Like the Lidless Eye of Sauron, iZON stares unblinkingly into your home, taking note of all within. Scary, right? Well, not exactly, as there are many uses for a Wi-Fi enabled video monitor in the home, office, or abroad. The iZON, pronounced “eyes-on,” provides a single video feed across a wireless network that streams through the iZON server system, giving the user access to the feed anywhere in the world with your iOS device. If there is a need for you to be two places at once, the iZON can be your eyes and ears whether watching your newborn, crazy pet, or the front door…
Eyes and Ears
Standing no taller than an iPhone, the iZON supports up to 1.5 Mbps VGA video at 30 fps with a viewing angle of 60 degrees. The mono audio is 40 Hz – 8 kHz, sample rate 16 kHZ and responds to noise levels between 35 dB and 95 dB. The unit provides recorded and real-time streaming across the companion app, as long as the network can support the bandwidth. With 30 fps, the recorded video is fairly fluid, but even on my ‘N’ network, placed next to the router, the video image quality is not good enough to distinguish faces, even across the room, with great detail. If someone broke into the house, I am not sure how good the video feed would be when determining the perpetrator.
The iZON is not capable of providing night-vision viewing in full-dark environments, as it lacks infrared capabilities. According to the manufacture, IR improves dark viewing capabilities but may over expose video feeds in normal lighting conditions. Despite lack of IR, the unit is enhanced for low-lighting conditions which can detect movement in a room with merely a 7.5 watt night-light.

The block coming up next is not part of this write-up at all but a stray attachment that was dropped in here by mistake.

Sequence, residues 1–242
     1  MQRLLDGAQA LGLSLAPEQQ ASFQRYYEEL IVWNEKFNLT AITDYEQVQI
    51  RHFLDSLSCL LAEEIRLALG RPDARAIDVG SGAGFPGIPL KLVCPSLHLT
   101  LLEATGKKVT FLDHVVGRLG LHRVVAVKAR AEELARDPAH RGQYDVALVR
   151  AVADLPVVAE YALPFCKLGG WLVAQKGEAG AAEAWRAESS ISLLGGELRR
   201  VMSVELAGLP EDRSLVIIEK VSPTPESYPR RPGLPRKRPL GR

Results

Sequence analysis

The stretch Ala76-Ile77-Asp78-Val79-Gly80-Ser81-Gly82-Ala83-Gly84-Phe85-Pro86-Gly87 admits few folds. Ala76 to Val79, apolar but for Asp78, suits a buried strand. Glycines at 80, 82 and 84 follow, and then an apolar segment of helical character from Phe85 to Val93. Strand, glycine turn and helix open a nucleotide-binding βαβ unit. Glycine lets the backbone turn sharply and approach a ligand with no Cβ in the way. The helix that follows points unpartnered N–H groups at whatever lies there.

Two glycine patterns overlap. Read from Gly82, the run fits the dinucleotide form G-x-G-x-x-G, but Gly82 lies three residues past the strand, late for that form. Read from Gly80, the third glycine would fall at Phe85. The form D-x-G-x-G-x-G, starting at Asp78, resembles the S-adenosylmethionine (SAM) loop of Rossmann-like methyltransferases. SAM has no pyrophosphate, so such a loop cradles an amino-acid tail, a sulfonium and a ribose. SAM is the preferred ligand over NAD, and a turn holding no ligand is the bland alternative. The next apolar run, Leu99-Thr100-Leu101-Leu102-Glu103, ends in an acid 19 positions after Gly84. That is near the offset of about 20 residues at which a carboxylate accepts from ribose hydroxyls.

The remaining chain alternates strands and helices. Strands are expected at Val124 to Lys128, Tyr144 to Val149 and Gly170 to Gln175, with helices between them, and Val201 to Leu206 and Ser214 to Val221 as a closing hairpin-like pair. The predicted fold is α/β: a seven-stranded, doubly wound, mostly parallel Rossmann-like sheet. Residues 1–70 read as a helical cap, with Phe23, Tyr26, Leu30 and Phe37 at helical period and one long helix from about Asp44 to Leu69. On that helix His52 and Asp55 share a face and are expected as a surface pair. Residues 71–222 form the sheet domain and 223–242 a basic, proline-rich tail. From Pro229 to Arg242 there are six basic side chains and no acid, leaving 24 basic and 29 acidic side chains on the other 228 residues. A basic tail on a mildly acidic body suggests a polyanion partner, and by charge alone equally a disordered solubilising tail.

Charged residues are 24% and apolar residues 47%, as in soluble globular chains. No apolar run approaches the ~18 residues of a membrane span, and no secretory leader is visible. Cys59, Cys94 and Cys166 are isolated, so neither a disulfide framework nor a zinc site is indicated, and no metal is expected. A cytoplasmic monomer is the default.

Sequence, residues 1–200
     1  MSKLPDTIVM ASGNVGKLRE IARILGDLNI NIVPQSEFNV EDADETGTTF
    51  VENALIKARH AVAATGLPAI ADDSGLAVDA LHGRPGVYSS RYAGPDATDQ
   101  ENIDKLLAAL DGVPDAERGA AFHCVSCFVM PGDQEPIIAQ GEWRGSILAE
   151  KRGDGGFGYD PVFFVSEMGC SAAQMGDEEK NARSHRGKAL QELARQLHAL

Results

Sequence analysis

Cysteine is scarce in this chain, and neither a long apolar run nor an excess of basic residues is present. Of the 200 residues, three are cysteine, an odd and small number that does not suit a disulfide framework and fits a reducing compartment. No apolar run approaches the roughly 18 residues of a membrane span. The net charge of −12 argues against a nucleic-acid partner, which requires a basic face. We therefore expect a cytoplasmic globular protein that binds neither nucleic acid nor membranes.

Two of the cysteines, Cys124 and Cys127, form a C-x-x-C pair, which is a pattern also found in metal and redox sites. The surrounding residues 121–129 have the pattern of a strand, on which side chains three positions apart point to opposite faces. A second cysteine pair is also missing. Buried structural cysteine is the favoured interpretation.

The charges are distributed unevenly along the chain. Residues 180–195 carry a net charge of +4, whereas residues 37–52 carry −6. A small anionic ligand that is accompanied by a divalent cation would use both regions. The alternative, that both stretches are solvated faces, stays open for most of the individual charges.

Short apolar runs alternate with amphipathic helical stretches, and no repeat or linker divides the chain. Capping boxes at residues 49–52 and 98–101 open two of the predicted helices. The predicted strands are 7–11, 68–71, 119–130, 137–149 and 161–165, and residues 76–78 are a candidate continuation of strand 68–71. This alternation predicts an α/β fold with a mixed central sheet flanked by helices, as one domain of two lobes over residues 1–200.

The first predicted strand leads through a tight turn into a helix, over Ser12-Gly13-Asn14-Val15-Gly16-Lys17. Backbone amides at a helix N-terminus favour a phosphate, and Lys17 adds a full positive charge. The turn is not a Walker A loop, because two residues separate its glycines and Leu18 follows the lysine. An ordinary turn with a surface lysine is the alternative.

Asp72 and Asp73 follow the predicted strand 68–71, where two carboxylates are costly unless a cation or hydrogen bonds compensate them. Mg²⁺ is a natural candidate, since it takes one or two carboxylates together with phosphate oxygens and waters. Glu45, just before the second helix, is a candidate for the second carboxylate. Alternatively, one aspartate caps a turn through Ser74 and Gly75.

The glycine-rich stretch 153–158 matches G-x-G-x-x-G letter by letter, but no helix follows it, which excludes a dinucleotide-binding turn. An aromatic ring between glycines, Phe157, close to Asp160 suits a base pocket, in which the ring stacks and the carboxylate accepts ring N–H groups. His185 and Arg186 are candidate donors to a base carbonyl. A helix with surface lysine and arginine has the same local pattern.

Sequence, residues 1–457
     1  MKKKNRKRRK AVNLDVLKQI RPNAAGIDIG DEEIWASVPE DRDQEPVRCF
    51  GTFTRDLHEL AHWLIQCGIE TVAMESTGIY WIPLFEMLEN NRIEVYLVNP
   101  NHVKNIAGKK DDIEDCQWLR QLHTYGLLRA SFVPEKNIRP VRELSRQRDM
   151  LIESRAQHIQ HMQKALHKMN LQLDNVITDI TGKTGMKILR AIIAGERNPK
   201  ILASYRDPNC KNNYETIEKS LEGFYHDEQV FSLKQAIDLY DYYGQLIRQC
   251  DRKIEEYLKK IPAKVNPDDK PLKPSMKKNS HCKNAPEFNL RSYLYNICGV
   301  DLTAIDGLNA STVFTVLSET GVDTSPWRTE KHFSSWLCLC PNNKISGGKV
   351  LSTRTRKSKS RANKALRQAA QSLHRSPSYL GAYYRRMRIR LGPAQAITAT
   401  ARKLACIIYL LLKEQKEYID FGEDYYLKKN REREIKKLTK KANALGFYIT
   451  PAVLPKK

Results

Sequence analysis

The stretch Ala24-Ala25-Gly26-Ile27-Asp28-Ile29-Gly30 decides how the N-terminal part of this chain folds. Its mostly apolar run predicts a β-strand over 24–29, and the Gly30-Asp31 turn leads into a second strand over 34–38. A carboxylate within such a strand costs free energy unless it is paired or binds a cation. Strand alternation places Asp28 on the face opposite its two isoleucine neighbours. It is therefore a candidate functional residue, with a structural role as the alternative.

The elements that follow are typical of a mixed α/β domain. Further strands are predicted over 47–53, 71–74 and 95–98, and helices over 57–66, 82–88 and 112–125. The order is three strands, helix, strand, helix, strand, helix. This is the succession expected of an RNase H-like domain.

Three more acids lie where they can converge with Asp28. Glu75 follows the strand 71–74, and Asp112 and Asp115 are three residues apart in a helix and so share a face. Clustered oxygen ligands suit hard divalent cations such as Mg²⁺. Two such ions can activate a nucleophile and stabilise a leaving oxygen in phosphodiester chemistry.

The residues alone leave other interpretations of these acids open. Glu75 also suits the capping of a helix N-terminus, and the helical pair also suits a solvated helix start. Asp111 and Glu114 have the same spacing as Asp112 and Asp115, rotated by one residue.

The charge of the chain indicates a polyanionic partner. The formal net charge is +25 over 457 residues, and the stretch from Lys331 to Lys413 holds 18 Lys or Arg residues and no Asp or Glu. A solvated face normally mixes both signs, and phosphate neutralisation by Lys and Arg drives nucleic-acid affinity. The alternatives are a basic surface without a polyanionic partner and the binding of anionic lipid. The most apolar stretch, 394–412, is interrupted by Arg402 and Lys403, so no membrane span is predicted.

Having used the iZON for several months, including before and after the new firmware upgrades, I found the unit to be most accurate as a room monitor as opposed to an outdoor facing security camera. Viewing outdoors, the camera often picked up “events” that, once viewed, did not seem to be events at all. Most annoyingly, every time a thunderstorm rolls through, every lightning strike registered as movement, especially when used at night.
Inside the home, the camera views a more controlled environment. The noises and movements are more predictable, in the sense that weather will not adversely effect the alarm systems activated through the companion app. Frustratingly, however, the lack of night vision prevents the ability to monitor a small child or pet in a room where they are sleeping. One advantage to the hardware is the base assembly is a domed magnet that gives the camera a bit of rotating angle, making sure just the right spot is monitored.
To begin, the free, universal Stem iZON app walks the user through the initial setup steps which will activate the iZON camera, add it to the home network, create a STEM: iZON account, and adjust initial preferences for notification. To prevent boring everyone with an explanation of how to get the unit connected to the WiFi network, just check out the instructions for yourself, if interested. I will note, it is a straightforward process, but does require a little patience, especially if upgrading an older unit to the new system. There are several steps to get everything up and running, but the app guide is straightforward. Overall, it will take about 5-10 minutes to go from the box to fully operational.